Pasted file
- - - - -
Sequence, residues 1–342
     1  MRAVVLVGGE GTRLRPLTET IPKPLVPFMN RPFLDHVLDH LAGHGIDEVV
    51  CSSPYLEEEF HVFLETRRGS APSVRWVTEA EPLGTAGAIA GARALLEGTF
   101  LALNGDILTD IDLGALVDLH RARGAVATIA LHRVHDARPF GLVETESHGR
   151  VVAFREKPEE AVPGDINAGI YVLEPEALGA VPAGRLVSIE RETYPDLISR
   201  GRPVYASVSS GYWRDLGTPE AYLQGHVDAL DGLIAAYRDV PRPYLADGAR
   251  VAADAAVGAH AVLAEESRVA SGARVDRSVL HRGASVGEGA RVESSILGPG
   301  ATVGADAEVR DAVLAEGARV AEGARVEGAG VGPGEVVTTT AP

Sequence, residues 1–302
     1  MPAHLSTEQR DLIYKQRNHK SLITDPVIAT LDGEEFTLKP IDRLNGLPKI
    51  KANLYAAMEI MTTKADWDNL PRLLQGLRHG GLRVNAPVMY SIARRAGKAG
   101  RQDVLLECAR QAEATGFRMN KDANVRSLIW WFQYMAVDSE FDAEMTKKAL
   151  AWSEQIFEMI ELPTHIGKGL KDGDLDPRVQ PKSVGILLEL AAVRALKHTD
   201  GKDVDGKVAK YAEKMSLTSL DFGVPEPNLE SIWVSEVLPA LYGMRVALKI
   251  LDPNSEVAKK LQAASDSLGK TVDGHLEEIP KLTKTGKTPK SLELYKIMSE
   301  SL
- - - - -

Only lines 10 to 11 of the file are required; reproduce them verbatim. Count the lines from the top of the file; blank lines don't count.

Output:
     1  MPAHLSTEQR DLIYKQRNHK SLITDPVIAT LDGEEFTLKP IDRLNGLPKI
    51  KANLYAAMEI MTTKADWDNL PRLLQGLRHG GLRVNAPVMY SIARRAGKAG